4.1. Criteria Selection and Data Collection

The choice of criteria for this AHP evaluation model resides in the guidance of African ports based papers. The notable ones which fall in line with the objective of this paper are [23] and [3] . Following these, the choice of criteria was made in two groupings, which reflect the capability to maximized potential of ports [23] . These groupings are:

i) The Hard physical infrastructure (Number of berths and state of Superstructure, Average berth draught, Storage capacity, Connectivity (Other transport mode integration)).

ii) The Soft infrastructure (customs services efficiency, Vessel turnaround time (Stevedoring), Average container dwell time).

The selected criteria for evaluation and their abbreviations appear in Table 3.

The criteria were compared in a pairwise manner reflecting their ranking in literature, and also reflecting the authors’ point of view. Four neighboring ports to the port of Douala (Port of Owendo (Gabon), Port of Pointe-Noire (Congo), Port of Matabi (DRC) and Port of Luanda (Angola)) were assessed compared to the criteria selected. Three additional West African Ports (Port of Apapa (Lagos), Port of Abidjan (Cote d’Ivoire) and Port of Tema (Ghana)) were introduced during the data collection (But not during the evaluation) in order to provide a relative perspective between Central African ports and West African ports. The collection of data (and successive ranking of data collected) and the raking of selected criteria enabled the authors to have the necessary base-data for implementation of the Analytic Hierarchy Process in the Java Runtime Environment PriEst module. The summarized and ranked data appear in Figure 1.

4.2. Analytic Hierarchy Process (AHP)

The initial step in the AHP evaluation for this research resided into developing the Hierarchy structure of the study. Figure 2 below shows this structure:

The pairwise comparison between the selected criteria is made following a standardized scale of preference. This scale which is widely used in AHP evaluation appears in the Table 4.

The following part of the evaluation consisted in entering the pairwise comparison matrix of the selected criteria in the software PriEst. This enabled calculation of the weights of each selected criterion (and sub-criterion) hence permitting us to obtain criteria ranking. The pairwise comparison matrix used is shown in Table 5.

The pairwise comparison matrix was inputted in the PriEst software yielding a consistency ratio (CR) of 0.082. The value of CR (0.082) being less than 0.1 we judged the solution to weights, as acceptable and hence considered them for further evaluation. Table 5 shows the criteria (sub-criteria) ranking obtained from PriEst elicitation.

The information gathered on the five ports hereafter evaluated is summarized in Table 6 and Table 7. This information is the bases for the ranking of the ports criteria-wise in Figure 1. The overall compilation of data enabled the result explicitated in Section 4.3.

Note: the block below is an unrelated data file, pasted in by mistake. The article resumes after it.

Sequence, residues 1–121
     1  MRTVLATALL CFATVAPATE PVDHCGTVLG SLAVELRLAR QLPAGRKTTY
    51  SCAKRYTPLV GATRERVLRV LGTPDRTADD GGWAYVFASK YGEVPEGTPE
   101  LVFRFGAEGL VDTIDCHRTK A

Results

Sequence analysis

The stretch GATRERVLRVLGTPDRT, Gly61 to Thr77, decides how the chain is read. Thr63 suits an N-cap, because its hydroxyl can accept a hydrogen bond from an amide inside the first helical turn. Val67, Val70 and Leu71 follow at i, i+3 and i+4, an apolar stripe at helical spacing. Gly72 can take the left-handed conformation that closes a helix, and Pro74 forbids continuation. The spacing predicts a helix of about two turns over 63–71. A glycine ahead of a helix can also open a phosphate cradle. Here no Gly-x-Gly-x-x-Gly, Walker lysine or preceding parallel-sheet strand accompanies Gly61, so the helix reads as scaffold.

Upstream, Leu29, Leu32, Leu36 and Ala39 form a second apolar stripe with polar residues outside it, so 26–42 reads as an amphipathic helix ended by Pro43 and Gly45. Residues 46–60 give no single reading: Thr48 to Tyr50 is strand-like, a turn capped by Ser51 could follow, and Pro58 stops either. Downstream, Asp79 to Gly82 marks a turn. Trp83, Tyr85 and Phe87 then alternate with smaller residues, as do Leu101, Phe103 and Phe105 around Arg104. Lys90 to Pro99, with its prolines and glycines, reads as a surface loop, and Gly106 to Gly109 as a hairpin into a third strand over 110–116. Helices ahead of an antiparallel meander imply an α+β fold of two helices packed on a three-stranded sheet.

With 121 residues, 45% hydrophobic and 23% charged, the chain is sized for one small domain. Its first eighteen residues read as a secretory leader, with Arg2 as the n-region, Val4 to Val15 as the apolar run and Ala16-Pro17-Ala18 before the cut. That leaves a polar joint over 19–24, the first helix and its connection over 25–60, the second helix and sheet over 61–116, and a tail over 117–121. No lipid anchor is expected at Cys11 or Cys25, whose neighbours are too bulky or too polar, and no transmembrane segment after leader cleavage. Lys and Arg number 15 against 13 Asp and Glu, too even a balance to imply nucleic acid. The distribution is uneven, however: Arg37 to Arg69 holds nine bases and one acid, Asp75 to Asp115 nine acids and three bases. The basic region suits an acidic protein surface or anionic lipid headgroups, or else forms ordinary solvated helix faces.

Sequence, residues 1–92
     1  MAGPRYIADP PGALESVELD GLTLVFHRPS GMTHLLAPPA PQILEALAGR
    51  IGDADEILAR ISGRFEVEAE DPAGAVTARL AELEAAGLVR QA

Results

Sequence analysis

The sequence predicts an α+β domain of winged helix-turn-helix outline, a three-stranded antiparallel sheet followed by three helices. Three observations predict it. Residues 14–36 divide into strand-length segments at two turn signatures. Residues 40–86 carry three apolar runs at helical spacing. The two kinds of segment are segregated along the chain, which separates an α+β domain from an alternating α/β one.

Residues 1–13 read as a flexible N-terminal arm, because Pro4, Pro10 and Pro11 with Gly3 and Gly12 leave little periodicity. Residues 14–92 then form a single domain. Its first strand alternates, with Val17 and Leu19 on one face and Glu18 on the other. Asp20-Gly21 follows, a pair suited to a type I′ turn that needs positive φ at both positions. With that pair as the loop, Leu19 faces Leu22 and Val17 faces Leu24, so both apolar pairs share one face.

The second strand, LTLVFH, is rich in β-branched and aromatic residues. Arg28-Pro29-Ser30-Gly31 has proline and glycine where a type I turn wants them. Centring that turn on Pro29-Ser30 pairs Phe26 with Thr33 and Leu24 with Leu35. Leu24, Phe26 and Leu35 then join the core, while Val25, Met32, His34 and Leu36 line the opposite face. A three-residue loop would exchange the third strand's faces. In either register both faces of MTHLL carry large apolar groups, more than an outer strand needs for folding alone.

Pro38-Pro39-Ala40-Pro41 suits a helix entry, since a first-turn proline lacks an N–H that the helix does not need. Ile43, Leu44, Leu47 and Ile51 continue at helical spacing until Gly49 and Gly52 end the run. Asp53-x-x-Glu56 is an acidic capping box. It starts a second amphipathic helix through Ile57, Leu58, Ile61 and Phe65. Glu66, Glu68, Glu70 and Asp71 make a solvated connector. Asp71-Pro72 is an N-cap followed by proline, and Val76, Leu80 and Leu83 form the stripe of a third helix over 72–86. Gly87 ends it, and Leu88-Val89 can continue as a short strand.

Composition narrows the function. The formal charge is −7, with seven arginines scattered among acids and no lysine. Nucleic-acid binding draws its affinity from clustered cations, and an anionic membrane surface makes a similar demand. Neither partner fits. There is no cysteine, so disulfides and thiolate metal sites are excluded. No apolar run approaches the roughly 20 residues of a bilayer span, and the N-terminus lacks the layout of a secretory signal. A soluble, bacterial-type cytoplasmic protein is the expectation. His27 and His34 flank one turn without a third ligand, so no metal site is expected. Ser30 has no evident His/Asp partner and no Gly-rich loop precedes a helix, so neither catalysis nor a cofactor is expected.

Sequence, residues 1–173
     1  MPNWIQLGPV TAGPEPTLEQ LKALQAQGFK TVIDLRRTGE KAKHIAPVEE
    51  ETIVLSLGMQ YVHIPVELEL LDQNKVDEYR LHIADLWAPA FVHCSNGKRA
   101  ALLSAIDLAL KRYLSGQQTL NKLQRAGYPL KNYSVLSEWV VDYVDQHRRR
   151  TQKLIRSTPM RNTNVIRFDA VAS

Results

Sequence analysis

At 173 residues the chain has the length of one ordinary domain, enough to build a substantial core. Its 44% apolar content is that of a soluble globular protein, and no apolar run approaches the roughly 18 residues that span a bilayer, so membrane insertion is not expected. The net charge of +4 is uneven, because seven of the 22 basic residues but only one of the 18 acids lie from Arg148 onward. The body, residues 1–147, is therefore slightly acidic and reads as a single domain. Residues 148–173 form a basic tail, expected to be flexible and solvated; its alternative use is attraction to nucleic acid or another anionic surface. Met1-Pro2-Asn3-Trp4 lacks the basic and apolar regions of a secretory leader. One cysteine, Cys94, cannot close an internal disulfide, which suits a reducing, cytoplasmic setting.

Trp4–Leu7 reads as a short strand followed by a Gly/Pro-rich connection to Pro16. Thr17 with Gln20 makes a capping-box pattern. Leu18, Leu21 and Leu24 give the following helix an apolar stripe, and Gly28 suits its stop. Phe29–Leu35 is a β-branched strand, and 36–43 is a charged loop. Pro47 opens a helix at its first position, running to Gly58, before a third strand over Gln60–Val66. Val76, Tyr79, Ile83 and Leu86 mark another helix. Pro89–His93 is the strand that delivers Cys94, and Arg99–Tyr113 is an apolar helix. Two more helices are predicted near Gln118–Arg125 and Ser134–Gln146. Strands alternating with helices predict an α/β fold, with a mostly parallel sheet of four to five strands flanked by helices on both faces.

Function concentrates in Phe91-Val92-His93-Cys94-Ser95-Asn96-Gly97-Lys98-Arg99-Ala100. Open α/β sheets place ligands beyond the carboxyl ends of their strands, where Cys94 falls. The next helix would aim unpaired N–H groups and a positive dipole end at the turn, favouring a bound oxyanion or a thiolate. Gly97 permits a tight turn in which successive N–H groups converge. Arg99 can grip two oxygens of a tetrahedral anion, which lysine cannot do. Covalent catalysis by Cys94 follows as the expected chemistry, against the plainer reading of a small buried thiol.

Table 3. Abbreviation of criteria (source: authors).

Table 4. Pairwise values for comparison and their interpretation (source: authors).

Table 5. Pairwise comparison for criteria and sub-criteria matrix (source: authors data compilation).

Figure 1. Data pertaining to AHP ranking/source: compiled by authors with information from [19] [20] [24] - [30] .

Figure 2. Hierarchy structure (source: authors).

Table 6. Weights and rank of criteria and sub-criteria (source: PriEst software as compiled by authors).

Table 7. Compiled information used for option’s ranking (source: compiled by authors).

[i] Criteria 1A is subdivided into two sub-criteria Number of berths (1A-1) and Type of Superstructure (1A-2); [ii] Total number of berths (Container Berths) (Ex: Port of Douala 18(3)); [iii] Container storage capacity (Excluding empty container storage); [iv] Turnaround time (Container vessels) = Average waiting time + Average vessel stay time; [v] The storage is not in the vicinity of the port.

4.3. Results and Comments

The data were assessed in PriEst AHP evaluation software using two methods of AHP evaluation, notably Eigenvector and Fuzzy Preference Programming. These results are explicitated in Table 8 and Table 9. The PriEst ranking evaluation yielded the following results for the five selected ports (Figure 2). The results obtained and displayed in Figure 2, yield a surprising ranking. The port of Douala ranks as first, hence being the most competitive port in the region of Central Africa. Despite its numerous challenges (Section 5) the port of Douala happens to have undeniable structural advantages compared to other central African Ports. This can be explained by the extensive (Even though archaic as compared to developed countries) intermodal connectivity of port of Douala and the relatively important storage capacity in the port of Douala which gives it a relatively remarkable advantages over other ports in the sub-region. Nevertheless, it is important to note that the port of Douala still suffers from an important lag in the central African port industry (which we wish to extend to the West African and Central African Port industry).